It’s funny… There was a time when I said that I would eventually stop doing these annual posts marking the anniversary of my father’s passing. There was probably a time that I really believed it, too. But each year when October 6 rolls around, here I am… Changing the number in the title and posting something else to remember him by.
Today marks 15 years since Dad died. He always said that he would be around here for as long as God wanted him to be here. Which, when you think about it, is really the case for everyone if you believe that God is sovereign and all knowing. Not sure what made Dad think he was so special.
I kid… Dad was special. And I’m gonna talk about why. Even though I’m sure I’ve been saying the same things over and over again on this blog for 15 years. I don’t care. There’s a good chance that none of you reading this ever knew Grayson Lee Peck. So if you have to sift through some of his legacy in the words I put in these posts, so be it. He was a good man and I’m sorry you never got a chance to meet him yourself.
Like I said, Dad was special. Like myself, he was an introvert. Though I would dare say he was a little more shy than I am. But any shyness or timidity that was on the surface melted away as soon as he got on stage and opened his mouth to sing. The man had a gift.
I vividly remember being a teenager in church, where Dad would most often display his vocal abilities, and hearing some of the older folks talk about him and his voice. On one of those Sunday mornings when Dad had been asked to sing a solo for the special music, I happened to step out of the sanctuary to go to the restroom. What? It’s not like I was missing him singing. I’d been hearing him rehearse the song all week in the car. Anyway, before I went back into the sanctuary, I heard a couple of that Sunday’s ushers talking in hushed tones in the hallway.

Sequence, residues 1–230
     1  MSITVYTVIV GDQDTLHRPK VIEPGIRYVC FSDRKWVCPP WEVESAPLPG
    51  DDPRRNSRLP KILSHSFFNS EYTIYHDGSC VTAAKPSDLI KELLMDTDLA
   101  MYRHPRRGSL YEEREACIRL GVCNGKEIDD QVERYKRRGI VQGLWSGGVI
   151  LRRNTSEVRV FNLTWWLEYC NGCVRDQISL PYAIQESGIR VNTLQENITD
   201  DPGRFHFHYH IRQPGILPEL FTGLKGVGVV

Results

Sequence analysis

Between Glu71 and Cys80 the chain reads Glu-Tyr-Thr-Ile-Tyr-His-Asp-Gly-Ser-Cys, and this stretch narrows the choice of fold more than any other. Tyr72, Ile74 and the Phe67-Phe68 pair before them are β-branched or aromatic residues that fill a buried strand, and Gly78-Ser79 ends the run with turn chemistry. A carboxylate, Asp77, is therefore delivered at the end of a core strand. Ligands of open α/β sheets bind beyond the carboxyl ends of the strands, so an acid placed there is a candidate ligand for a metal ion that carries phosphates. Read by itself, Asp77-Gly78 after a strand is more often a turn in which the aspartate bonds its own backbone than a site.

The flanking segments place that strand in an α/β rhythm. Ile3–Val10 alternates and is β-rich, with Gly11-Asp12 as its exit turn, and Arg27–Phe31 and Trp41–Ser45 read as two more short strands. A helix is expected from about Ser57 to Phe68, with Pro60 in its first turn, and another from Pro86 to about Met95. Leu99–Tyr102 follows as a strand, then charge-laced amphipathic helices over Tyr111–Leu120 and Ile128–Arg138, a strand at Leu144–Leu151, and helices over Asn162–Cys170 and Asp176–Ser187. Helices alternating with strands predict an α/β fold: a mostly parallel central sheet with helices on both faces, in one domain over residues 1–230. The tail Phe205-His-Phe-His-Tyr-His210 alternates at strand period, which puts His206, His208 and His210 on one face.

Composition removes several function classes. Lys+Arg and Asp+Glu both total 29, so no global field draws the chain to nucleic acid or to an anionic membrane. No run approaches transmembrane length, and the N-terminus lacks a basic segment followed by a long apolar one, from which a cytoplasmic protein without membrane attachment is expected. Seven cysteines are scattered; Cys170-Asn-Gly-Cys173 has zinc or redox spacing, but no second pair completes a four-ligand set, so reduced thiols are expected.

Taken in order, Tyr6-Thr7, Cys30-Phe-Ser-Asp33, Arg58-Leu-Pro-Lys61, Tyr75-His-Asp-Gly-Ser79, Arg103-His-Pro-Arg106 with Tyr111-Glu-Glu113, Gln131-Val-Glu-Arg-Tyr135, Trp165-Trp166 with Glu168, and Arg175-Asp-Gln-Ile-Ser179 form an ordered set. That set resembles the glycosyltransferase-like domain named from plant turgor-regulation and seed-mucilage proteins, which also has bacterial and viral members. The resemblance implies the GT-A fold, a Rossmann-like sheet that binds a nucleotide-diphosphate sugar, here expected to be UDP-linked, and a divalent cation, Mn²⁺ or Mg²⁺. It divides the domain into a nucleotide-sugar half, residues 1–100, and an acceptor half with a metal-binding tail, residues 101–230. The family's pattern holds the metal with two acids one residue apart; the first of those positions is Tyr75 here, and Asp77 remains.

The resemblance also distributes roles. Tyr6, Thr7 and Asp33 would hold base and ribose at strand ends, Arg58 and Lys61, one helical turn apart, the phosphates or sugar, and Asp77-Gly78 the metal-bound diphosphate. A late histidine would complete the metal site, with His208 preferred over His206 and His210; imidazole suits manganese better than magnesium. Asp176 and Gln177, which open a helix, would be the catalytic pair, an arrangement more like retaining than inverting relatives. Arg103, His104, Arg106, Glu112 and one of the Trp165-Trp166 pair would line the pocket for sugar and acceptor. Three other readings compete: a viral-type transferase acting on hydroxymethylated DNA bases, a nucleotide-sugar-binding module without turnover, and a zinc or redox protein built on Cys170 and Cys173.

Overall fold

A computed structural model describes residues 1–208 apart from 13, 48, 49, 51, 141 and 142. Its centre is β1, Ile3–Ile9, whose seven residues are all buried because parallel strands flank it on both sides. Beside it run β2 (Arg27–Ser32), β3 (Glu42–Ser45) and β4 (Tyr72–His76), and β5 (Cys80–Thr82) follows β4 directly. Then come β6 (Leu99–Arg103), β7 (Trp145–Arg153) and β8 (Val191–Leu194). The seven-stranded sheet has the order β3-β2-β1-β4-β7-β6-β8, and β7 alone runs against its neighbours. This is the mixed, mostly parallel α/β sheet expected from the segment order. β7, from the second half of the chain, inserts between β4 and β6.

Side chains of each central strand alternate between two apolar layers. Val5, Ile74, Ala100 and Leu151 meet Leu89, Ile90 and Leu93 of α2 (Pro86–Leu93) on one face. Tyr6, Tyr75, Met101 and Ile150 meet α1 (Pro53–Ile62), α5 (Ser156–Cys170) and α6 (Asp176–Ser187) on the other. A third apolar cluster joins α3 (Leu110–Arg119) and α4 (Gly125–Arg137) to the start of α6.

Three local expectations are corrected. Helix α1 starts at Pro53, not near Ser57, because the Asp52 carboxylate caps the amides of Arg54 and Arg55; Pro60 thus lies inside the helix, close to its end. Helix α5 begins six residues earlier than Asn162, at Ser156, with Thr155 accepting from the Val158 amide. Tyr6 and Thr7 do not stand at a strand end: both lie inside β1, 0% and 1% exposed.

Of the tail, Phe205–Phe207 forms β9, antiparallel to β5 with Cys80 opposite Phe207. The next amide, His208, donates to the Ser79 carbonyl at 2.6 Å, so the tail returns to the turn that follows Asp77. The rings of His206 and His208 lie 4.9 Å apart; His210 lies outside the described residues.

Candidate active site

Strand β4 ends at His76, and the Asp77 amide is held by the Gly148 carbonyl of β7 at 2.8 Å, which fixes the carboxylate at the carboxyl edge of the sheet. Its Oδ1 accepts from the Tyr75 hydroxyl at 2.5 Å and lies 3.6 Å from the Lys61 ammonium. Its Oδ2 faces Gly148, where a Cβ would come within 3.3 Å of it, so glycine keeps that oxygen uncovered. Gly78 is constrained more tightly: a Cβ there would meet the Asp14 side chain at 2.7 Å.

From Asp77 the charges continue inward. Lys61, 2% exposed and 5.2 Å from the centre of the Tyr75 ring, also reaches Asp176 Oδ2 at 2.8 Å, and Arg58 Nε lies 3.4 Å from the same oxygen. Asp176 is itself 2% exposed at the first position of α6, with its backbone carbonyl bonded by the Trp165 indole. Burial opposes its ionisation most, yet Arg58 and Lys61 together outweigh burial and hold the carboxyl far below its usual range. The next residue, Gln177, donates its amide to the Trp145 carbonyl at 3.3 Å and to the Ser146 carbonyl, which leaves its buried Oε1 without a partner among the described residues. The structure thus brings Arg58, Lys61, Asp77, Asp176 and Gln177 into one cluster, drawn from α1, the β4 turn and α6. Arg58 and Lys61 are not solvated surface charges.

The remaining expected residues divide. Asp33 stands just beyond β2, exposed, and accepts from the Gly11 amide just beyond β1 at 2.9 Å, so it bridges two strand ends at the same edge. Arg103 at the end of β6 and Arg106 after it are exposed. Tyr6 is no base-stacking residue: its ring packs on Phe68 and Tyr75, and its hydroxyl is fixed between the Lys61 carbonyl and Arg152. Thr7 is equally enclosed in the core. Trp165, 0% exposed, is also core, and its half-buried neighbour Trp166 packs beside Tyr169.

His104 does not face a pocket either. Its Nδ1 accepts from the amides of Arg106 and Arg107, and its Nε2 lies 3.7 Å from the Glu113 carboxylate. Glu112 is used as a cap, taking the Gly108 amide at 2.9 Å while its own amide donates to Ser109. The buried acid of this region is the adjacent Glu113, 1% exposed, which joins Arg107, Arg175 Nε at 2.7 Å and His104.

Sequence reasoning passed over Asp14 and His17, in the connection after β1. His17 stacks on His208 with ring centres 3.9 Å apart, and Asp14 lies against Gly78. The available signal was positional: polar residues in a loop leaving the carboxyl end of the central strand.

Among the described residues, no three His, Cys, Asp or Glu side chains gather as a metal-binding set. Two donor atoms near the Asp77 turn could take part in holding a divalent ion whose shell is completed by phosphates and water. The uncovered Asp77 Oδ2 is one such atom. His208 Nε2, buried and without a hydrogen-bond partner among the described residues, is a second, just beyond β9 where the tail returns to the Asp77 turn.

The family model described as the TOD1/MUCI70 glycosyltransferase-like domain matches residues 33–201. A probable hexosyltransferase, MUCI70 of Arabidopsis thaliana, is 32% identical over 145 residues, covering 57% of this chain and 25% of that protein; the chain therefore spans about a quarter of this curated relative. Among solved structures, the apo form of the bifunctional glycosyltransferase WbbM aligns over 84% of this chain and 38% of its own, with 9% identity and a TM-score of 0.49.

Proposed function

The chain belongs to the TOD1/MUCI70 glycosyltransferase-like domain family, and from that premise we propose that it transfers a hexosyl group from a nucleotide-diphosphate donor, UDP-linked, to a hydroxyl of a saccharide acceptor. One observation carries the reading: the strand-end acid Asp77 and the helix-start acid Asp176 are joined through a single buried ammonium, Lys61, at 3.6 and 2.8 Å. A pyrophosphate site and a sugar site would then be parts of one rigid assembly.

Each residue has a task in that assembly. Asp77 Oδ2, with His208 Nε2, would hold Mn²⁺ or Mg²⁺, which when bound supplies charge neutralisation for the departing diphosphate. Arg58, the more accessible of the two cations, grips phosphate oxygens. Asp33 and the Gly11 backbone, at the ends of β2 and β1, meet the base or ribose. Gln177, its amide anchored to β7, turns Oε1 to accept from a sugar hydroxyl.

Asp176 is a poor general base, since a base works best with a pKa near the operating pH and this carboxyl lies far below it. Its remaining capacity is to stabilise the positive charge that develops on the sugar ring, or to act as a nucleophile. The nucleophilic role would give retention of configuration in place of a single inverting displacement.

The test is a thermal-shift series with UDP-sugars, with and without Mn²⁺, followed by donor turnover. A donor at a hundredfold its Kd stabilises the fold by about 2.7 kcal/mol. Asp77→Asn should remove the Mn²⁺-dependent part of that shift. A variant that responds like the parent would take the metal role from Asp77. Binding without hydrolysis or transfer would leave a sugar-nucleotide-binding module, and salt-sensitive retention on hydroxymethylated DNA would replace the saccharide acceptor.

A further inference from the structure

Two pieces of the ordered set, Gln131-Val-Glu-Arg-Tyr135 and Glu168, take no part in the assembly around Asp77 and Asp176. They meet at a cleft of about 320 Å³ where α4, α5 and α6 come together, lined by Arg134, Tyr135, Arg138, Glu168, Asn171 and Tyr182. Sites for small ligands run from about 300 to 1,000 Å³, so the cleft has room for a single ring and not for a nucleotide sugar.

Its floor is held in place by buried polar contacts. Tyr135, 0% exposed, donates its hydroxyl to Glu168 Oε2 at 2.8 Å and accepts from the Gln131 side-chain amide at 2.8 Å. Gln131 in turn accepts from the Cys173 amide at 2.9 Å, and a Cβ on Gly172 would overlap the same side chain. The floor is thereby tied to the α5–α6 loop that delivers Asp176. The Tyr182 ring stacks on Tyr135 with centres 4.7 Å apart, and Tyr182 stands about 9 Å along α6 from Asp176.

“There’s a guy who really missed his calling,” one of them said as he listened to my father singing over the speaker embedded in the vestibule ceiling. Am I using vestibule correctly? Seems like a proper Southern Baptist kind of word to use. The other usher nodded his agreement and I smiled a little before heading back into the worship service.
As I found my way back to my seat, I listened as Dad finished up that morning’s special song. I don’t know what song it was but it was probably something mellow that was popular in churches in the late 80s or early 90s that would show off his vocal range. Watching him on stage, I thought about what those old ushers said. I couldn’t help but think about how wrong they were.
Dad never missed his calling. Sure, Dad had an incredible voice and he could very well have been famous in some alternate universe. But he was content right where he was. Dad was a brilliant singer and, as humble as the man was, he knew it. But Dad never craved attention. He never craved fame. He used his talent simply singing in his home church. The only audiences who ever heard him were the same people who had known him for decades. And he was never happier than when he was singing a song that could potentially touch the life of someone sitting in that crowd. That was his calling.
And singing wasn’t his only talent. The man could make people smile. He could make people laugh. I mean, you had to get to know him for him to feel comfortable speaking up sometimes, but if there was anyone who could ever destroy a bad mood, it was Lee Peck. And I haven’t even mentioned how good he was in a kitchen. I like to claim that I lived with him for the last few years of his life so that I could help him out financially. No… I lived with him so he could feed me.
I miss my dad more than words could ever say. Even 15 years later, it’s a sting that never truly goes away. Sure, it’s not as sharp as it once was. But that dull ache is still there. And I’m sure that’s something that anyone who has lost a loved one will understand.
Cherish the time you have with the people you love. You never know when the last time you spoke with someone will be the last time you spoke with them.